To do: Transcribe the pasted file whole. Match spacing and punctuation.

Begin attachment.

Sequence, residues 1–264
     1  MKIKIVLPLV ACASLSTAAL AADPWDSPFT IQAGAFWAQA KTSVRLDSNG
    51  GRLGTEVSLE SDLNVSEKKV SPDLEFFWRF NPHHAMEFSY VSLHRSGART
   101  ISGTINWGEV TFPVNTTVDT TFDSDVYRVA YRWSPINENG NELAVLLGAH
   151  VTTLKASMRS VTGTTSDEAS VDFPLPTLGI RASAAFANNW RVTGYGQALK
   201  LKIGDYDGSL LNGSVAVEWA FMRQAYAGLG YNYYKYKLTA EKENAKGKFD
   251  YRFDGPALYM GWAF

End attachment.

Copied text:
Sequence, residues 1–264
     1  MKIKIVLPLV ACASLSTAAL AADPWDSPFT IQAGAFWAQA KTSVRLDSNG
    51  GRLGTEVSLE SDLNVSEKKV SPDLEFFWRF NPHHAMEFSY VSLHRSGART
   101  ISGTINWGEV TFPVNTTVDT TFDSDVYRVA YRWSPINENG NELAVLLGAH
   151  VTTLKASMRS VTGTTSDEAS VDFPLPTLGI RASAAFANNW RVTGYGQALK
   201  LKIGDYDGSL LNGSVAVEWA FMRQAYAGLG YNYYKYKLTA EKENAKGKFD
   251  YRFDGPALYM GWAF